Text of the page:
Dr Jekyll and Mr Hyde opens with a lawyer named Mr Utterson taking his weekly walk with Mr Enfield. Along the way, they pass by a “blistered and distained” (p. 229) door.
Enfield tells Utterson that he had once passed the same door late at night and saw a man “trampl[e] calmly over [a] child’s body” (p. 229). Enfield and other witnesses demanded the man, Edward Hyde, pay a large sum of money to the child’s family. Hyde passed through the door and returned with a cheque drawn on the account of Dr Henry Jekyll, a respected physician. Enfield assumed Hyde had obtained the money by blackmailing Jekyll, and he and Utterson agree to say no more about the affair.
Enfield’s story, though, concerns Utterson. Jekyll is both a friend and a client, and Utterson knows that Hyde is connected in some mysterious way with Jekyll. In fact, in the event of his death or disappearance for more than three months, Jekyll has willed all his possessions to Hyde.
Utterson decides to wait for Hyde to appear. When he sees him, Utterson is instinctively repulsed by what he feels is Hyde’s deep deformity. Soon after, Jekyll assures Utterson he can rid himself of Hyde whenever he pleases.
Almost a year passes without incident. One night, however, a maid sees Hyde bludgeon Sir Danvers Carew to death with a walking stick that Utterson had given as a gift to Jekyll. The attack was so ferocious that the stick broke in two, with one half left in the gutter. Utterson takes the police to Hyde’s rooms, where they find the other half of the walking stick and evidence that Hyde has fled and burned many of his papers.
When Utterson confronts Jekyll, his friend insists no one will ever see Hyde again. He also gives Utterson a letter from Hyde stating as much. However, when Utterson’s clerk, Mr Guest, a handwriting expert, examines the letter, the writing is confirmed as Jekyll’s. Utterson cannot understand why Jekyll would forge for a murderer. But as more time passes and it seems Hyde has truly disappeared, Utterson relaxes and he and their mutual friend Dr Lanyon frequently enjoy Jekyll’s company.
Suddenly, however, Jekyll withdraws to his home and refuses to see anyone. When Utterson visits Lanyon to discuss this change, he sees that Lanyon has received a terrible shock and is near death. Lanyon dies soon after, and Utterson receives an envelope from him marked “not to be opened till the death or disappearance of Dr Henry Jekyll” (p. 259).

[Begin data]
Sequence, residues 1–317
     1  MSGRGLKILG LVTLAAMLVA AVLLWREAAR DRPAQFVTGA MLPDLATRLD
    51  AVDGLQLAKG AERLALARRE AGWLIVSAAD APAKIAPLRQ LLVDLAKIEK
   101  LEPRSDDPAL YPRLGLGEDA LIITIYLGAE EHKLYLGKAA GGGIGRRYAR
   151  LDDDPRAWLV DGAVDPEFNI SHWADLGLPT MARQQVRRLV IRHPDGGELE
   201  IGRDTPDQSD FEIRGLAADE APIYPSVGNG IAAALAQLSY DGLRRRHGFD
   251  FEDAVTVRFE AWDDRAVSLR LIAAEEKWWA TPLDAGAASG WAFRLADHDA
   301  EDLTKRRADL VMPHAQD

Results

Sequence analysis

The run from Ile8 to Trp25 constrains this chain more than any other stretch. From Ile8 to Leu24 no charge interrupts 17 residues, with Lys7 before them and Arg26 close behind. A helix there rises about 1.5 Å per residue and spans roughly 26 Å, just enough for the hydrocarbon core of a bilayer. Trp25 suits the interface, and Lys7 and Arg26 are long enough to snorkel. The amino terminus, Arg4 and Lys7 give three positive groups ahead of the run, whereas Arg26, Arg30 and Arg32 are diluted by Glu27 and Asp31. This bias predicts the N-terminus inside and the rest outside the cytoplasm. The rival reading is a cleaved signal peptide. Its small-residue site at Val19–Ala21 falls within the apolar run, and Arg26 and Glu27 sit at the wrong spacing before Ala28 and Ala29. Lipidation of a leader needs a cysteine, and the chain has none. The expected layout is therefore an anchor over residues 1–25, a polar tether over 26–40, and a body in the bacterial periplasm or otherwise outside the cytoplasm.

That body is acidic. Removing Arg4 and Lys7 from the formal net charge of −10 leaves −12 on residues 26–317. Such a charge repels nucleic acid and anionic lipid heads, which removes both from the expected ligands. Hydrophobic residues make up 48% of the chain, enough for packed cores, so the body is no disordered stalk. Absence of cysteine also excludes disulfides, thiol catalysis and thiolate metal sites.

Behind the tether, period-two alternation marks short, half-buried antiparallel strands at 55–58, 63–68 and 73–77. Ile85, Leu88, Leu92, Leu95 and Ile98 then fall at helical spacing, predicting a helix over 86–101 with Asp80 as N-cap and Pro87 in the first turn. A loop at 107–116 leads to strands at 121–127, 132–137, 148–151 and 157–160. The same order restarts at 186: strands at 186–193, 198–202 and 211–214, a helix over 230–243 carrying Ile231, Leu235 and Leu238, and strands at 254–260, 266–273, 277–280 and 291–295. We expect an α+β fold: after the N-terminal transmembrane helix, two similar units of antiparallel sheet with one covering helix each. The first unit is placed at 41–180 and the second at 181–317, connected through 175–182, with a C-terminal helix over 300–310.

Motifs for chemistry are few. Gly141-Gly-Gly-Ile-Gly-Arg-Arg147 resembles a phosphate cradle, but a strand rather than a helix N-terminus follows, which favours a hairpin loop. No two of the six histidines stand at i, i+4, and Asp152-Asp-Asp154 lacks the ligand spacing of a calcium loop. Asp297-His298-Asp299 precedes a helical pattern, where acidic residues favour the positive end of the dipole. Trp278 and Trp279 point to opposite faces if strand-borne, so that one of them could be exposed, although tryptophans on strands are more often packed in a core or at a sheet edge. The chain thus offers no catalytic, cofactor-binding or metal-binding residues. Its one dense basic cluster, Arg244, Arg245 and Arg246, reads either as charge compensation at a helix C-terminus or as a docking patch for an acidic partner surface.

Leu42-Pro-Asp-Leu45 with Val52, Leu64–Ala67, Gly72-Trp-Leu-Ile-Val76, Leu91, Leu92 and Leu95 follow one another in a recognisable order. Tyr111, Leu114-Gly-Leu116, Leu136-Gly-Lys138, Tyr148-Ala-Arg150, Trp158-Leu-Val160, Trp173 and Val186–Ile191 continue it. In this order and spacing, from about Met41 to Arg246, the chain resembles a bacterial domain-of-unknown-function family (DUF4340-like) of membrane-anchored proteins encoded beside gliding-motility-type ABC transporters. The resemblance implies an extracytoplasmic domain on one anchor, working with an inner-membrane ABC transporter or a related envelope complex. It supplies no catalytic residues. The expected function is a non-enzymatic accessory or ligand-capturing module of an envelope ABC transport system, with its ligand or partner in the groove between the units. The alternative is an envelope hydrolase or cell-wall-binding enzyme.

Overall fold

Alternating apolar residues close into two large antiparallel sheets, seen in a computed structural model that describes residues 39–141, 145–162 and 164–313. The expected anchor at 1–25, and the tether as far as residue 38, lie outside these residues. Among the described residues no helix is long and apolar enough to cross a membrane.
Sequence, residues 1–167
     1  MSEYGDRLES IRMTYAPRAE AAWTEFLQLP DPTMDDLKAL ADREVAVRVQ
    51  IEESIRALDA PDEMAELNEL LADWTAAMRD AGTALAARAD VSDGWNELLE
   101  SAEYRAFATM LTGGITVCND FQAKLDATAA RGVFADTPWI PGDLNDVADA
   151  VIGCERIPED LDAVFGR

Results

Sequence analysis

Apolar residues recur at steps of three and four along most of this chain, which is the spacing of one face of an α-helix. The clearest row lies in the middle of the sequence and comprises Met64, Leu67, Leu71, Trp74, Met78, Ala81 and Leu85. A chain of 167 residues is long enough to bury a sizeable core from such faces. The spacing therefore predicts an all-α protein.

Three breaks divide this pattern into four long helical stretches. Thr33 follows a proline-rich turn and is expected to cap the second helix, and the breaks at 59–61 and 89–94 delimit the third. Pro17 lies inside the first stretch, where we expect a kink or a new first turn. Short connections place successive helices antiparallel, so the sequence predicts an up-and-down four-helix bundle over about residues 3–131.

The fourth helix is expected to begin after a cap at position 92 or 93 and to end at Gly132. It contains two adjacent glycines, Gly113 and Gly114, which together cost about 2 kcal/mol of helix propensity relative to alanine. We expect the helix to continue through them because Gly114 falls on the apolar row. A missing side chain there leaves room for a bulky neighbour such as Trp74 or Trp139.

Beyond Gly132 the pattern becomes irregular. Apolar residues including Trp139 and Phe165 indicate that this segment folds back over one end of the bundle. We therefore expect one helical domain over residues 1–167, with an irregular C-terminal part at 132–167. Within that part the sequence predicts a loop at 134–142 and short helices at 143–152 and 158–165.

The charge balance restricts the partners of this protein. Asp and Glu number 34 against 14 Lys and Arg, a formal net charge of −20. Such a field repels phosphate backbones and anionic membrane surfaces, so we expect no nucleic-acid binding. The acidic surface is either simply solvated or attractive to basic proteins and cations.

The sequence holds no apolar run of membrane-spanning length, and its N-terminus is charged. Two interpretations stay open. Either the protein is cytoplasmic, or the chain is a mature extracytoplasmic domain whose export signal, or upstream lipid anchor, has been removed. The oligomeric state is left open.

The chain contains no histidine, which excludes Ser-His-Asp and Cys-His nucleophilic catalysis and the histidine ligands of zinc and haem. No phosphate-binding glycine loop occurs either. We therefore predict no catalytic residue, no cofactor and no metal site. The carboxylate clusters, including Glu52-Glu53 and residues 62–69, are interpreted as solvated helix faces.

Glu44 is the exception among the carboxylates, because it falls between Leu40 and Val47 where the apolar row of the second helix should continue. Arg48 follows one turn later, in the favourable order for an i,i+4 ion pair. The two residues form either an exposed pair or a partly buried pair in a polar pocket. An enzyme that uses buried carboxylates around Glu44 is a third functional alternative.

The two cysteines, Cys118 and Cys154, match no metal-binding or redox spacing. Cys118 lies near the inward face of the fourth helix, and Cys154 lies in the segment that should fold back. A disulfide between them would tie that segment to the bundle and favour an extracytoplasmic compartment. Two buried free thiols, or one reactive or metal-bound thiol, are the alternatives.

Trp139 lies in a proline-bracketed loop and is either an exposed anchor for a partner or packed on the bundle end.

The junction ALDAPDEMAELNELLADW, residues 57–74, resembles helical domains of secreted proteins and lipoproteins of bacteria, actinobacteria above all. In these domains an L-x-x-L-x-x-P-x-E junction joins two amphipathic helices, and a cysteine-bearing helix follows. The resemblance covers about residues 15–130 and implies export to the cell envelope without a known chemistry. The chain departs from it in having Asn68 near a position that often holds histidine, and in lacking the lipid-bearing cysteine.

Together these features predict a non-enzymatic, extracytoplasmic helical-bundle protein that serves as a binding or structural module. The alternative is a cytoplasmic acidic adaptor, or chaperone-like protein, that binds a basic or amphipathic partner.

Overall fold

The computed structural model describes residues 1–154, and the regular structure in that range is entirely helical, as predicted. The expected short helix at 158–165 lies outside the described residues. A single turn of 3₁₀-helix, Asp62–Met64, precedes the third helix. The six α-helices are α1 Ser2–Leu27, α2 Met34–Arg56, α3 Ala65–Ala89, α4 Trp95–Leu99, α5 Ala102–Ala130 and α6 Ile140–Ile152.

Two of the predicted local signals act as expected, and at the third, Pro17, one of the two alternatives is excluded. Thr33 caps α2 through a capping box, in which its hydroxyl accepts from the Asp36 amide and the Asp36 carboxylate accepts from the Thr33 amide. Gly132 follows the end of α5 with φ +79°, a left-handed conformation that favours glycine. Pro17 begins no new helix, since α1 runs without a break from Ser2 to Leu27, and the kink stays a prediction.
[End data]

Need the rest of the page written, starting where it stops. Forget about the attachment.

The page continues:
As the story builds to a climax, Jekyll’s butler, Poole, hurries to Utterson and begs him to come to Jekyll’s house. He believes Hyde has killed Jekyll. Poole says that Hyde has been locked in Jekyll’s study, ordering Poole to get supplies from chemists all over London. Utterson and Poole rush over, break in, and find Hyde’s twitching body – he had committed suicide when he heard them forcing the door.
Utterson and Poole search but can find no trace of Jekyll. All they have are a sealed letter from Jekyll and a will bequeathing his estate to Utterson.
Utterson first reads Lanyon’s letter. It reveals that Jekyll begged him to come to his house, break open the study, retrieve a drawer and its contents, return home, and wait for Hyde’s arrival. The drawer contained “a phial of some tincture, a paper of some salt, and a record of a series of experiments” (p. 279). Lanyon obeyed and, when Hyde arrived, he mixed the tincture and salt, drank it, and was transformed into Jekyll. Lanyon knew the shock of seeing this event would kill him.
Utterson then turns to Jekyll’s letter. It reveals that Jekyll had long been fascinated by the “thorough and primitive duality of man” (p. 285). He experimented with dividing the self until he discovered a potion that would turn him into evil Mr Hyde. Taking the same solution a second time would restore him to good Dr Jekyll.
At first, Jekyll delighted in the freedom to indulge in sin as Hyde. Soon, though, he felt deep remorse. Hyde, however, became harder and harder to throw off. Eventually, Jekyll accidentally began turning into Hyde, even without the potion. Meanwhile, the supply of the salt needed as a vital ingredient of the transforming potion was almost gone and no more could be found. Jekyll concluded that the original salt must have contained an impurity that brought about his transformation. Having taking the final draught, Jekyll wrote as Jekyll for the last time, expressing his hope that Hyde would have “the courage to release himself at the last moment” (p. 32).
Quotations from Strange Case of Dr Jekyll and Mr Hyde, The Works of Robert Louis Stevenson, Swanston edn, vol v (London: Chatto and Windus, 1911).
Image courtesy of Rare Books and Special Collections, Thomas Cooper Library, University of South Carolina
Note on pronunciation: Stevenson pointed out that the surname of the protagonist should be pronounced ‘Jeekill’.